Thursday, March 16, 2017


Excavation has not begun

The dishes have to be washed whether or not you have an “automatic” dishwasher, so with our dishwasher on the fritz, I had to take over and do the work. The up side was that the dishes were clean and in the cupboard ready to be used again as opposed to dirty in the dishwasher. That appealed to my old-fashioned heart. The down side was dishpan hands. You hardly hear about that any more, but housewives fought it back in the day. Mother resorted to wearing Playtex gloves.

Bob, the second repair guy, came Monday morning, performed diagnostics, and determined the wash motor had failed. He ordered a new motor and today he returned to install it. And then we discussed the best way to run the dishwasher.

Don’t use those “pacs,” he said. He went so far as to say – and so did the first guy – that soap pacs might have caused the motor to fail – too much suds or something. Soap manufacturers love the pacs, said Bob, but the machine is designed for soap (powder or liquid), and that’s what you should use. But don’t use Kirkland’s product. It comes out of China where the formula includes some kind of clay in place of phosphorous, and that’s also hard on your machine.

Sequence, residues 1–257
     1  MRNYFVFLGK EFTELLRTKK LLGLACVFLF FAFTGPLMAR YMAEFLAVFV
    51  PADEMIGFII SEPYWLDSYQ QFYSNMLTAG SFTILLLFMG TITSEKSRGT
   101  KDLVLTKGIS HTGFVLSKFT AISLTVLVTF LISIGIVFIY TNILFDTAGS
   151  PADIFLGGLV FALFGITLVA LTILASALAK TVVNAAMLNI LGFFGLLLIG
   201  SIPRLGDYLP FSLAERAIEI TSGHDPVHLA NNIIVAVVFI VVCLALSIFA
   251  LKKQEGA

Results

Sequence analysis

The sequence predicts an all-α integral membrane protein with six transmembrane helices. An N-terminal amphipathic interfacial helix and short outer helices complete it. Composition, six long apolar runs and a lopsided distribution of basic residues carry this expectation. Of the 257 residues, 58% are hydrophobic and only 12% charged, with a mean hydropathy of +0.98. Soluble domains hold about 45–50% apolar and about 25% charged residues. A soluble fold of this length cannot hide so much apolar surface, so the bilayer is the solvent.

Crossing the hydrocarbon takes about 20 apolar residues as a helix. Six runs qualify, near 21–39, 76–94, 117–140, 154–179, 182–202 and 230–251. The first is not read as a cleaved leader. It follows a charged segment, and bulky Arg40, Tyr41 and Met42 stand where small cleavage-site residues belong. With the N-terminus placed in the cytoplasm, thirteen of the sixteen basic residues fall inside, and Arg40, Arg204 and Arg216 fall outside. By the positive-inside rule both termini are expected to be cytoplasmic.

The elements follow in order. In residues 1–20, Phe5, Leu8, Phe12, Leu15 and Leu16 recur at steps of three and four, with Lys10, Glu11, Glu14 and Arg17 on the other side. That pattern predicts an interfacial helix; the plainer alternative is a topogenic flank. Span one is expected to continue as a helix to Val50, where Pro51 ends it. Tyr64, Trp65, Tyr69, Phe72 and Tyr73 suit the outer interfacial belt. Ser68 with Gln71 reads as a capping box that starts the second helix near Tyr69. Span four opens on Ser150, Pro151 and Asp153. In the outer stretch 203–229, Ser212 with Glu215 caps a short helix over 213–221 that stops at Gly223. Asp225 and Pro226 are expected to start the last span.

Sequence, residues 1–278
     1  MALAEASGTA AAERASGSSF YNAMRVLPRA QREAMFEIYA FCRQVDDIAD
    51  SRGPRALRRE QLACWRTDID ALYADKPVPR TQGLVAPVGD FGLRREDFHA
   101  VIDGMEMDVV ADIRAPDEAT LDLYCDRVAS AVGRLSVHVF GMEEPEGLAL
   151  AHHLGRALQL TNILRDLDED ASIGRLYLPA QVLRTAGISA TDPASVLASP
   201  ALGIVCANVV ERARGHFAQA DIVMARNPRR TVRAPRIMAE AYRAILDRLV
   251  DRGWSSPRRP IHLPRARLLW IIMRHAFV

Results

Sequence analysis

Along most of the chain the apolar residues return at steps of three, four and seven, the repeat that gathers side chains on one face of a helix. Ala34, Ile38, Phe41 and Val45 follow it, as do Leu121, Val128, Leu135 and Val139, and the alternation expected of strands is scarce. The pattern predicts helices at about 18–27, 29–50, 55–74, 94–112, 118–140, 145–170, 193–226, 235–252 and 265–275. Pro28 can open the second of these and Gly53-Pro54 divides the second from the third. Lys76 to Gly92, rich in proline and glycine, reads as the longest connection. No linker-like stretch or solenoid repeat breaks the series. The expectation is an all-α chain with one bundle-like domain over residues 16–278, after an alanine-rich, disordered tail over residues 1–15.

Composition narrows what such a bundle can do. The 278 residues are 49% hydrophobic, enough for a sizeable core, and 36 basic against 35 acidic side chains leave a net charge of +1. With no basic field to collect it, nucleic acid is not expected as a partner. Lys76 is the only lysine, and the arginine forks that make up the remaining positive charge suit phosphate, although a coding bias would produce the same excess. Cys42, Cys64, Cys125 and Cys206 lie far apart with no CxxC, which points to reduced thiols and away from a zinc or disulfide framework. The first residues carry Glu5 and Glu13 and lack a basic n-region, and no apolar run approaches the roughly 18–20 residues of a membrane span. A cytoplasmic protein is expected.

My crocus corner
Well – hmm. I still have pacs on hand, both for the dishwasher and the washing machine, so I searched the internet for some sort of confirmation that they cause machine failure. I came up with soap comparisons but not the effect on the machine itself. The first repair guy suggested I put the pac in the silverware holder. I'll do that and gradually use up the pacs while alternating with powder.

What about the soap pacs in the washing machine, I asked. No, Bob said. Don’t use them.

With regard to environmental issues, there’s no question in my mind but that powder packed in cardboard is the most environmentally friendly product. However, maybe it’s my imagination, but it doesn’t seem like powder is what soap manufacturers are promoting.

Which wash cycle should I use, I wanted to know. (The manual recommended the efficiency cycle, which runs for three hours.) If your dishes aren’t very dirty, the one-hour cycle is adequate, Bob said.

Bob implied that using JetDry is a matter of preference. There is not an agreement between the dishwasher manufacturer and JetDry, he said.

Daffodils yet to bloom
Bottom line: it cost $250+ to repair this dishwasher, including parts and labor. (The first guy said he couldn’t fix it and did not charge us for the visit.)

So, it's fixed -- sorta. The new motor leaks, and maybe the old motor leaked, too. It just slips into a sleeve, and there's no way to clamp it in place. Bob said to run it several times, keeping a fresh towel under it. If it doesn't stop leaking, he may apply silicone. 

“I feel kinda shot down,” I remarked to Mike as Bob pulled out of the driveway.

“I know what you mean,” Mike agreed. KW


Chris said...

Ack!! This is not a happy ending. So what's in the packs if not powder? For the first time, because I couldn't find the box of Cascade powder at Costco, I bought the Cascade packs. I just thought it had the same powder inside.

Hallie said...

I maintain that this is all ridiculous. They're making products that don't work for the machine? The precious little delicate machine can't handle the difference between packs, powder or gel? Seriously. Somebody find us an engineer.